I had walked out my door at just before 4:00 AM. Busses leave Pòtoprens for Okap from a station at the very base of Delmas, about two hours away. The first part of the journey from my house to the station takes longer in the early morning because you have to walk all the way down to Petyonvil. The trucks that normally take you there from Malik don’t start working until after 5:00. So it was after 5:00 when I got to Petyonvil and found a truck loading up for the trip to the base of Delmas. To make up for the extra time you spend walking at that hour, the rest of the trip tends to be quicker because you don’t have to deal with the Delmas traffic, which can be considerable.
When I arrived at the station at around 6:00, two busses were loading competitively for Okap. It seemed clear which would finish loading first, so I bought my ticket and got on.
It was past 7:00, and we were still sitting. The bus certainly seemed full, but drivers won’t leave until they’ve sold all the places that they think they can sell. The bodies of the busses are old schoolbusses, which are grafted somehow onto larger, higher truck frames. They sell three tickets to a bench, and people making the long trip tend to bring lots of luggage, so one tends to feel pretty packed in. They also sell a certain number of reduced-price, standing-room places, so you can easily have large adults very close to you in every direction.
And then there’s the music. Haitians like it loud. Really loud. Our driver had one cassette tape full of popular Haitan dance music, and it was coming at me in waves from 6:00 AM until I got to Okap at around 2:00.
We finally got going around 7:30. The other bus was nowhere near full by then.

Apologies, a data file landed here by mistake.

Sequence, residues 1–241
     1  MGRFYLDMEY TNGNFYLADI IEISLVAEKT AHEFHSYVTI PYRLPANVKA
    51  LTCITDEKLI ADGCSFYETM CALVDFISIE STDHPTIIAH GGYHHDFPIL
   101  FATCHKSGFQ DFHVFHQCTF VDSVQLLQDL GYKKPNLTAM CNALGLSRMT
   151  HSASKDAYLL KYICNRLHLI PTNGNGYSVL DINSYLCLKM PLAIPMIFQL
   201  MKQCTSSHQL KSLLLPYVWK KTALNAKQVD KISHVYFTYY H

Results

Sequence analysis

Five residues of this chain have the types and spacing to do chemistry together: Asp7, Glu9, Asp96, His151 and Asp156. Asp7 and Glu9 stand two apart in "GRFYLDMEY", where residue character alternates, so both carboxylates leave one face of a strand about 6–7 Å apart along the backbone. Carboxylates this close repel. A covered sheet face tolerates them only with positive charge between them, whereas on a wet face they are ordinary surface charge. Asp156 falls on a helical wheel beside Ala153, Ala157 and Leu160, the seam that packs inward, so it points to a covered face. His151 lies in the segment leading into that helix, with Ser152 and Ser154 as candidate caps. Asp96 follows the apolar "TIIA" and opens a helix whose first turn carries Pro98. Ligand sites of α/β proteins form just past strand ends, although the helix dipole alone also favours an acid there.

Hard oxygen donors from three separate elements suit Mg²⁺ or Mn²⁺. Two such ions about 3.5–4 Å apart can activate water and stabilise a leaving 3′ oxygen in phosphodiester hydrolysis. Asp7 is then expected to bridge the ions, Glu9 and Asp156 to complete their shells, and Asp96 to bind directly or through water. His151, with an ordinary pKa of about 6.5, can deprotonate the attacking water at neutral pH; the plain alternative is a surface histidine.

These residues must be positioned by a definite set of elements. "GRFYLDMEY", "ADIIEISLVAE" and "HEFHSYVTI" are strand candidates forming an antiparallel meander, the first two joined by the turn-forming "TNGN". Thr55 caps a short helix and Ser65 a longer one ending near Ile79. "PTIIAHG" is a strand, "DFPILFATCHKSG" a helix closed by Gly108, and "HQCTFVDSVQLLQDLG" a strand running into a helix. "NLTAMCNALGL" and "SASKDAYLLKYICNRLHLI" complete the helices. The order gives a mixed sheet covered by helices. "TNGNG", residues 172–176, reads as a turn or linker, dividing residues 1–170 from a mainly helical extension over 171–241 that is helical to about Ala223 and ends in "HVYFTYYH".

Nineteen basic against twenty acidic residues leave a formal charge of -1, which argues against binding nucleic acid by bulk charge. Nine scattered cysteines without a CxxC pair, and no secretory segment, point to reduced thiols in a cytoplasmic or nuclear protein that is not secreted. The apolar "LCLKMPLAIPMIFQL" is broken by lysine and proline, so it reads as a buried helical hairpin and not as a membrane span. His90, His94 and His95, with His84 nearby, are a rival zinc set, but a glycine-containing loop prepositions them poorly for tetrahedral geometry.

It’s a long ride to Okap. Six-eight hours depending on an unpredictable range of variables. There’s a ten-minute stop for snacks in Pastrel, just north of Gonayiv,a little less than two-hours from arrival. The people around me on this trip all seemed very nice, but they were also, quite uniformly, large. I was pressed firmly into my place for the whole ride. We chatted a little bit a couple of times, but the music and the heat and the fatigue didn’t leave a lot of room for dialogue skills. It was easier to pretend to sleep.
The leg from Okap to Wanament is much shorter, but much harder, too. I arrived in Wanament, a little ragged, but none the worse for wear, shortly after dark. Technically speaking, I had both – and I believe I’m using these words correctly – contusions and abrasions on the part of me that enters a room last. But they’ll heal.
And that’s the point I suppose. They will heal. And I am none the worse for wear.
It is tempting to get wrapped up in the little discomforts that belong to the kind of work I do. But such temptations – And they are very real: I had great fun writing a fuller, anatomically more vivid version of this piece for a friend. – are a distraction.
They are rooted in the most intimate, the most fundamental aspect of the privilege that I grew up with. I am accustomed to an extraordinary degree of physical comfort: pleasant places to sit; quiet places to converse; easy, roomy ways to get around.
Facing – maybe “facing” is the wrong word – a hard, narrow bench on a heavily-rutted highway might actually be as good for my soul as it is bad for my rear-most parts. It can remind me that comfort is a privilege. It might just make me stronger.
But whether it’s good or bad for me or for anyone else is not really the point either. The road is not there to teach me a lesson. Struggling to draw a lesson from it is as much of a temptation as the temptation to playfully whine is.
The road is not a challenge. It is simply the one route from Okap to Wanament for those who want to or need to make the trip.
I think the market women understand things best. They just sit in the truck, discussing the day’s purchases or sales, talking about their families and their friends. And if someone throws up, they take care of him.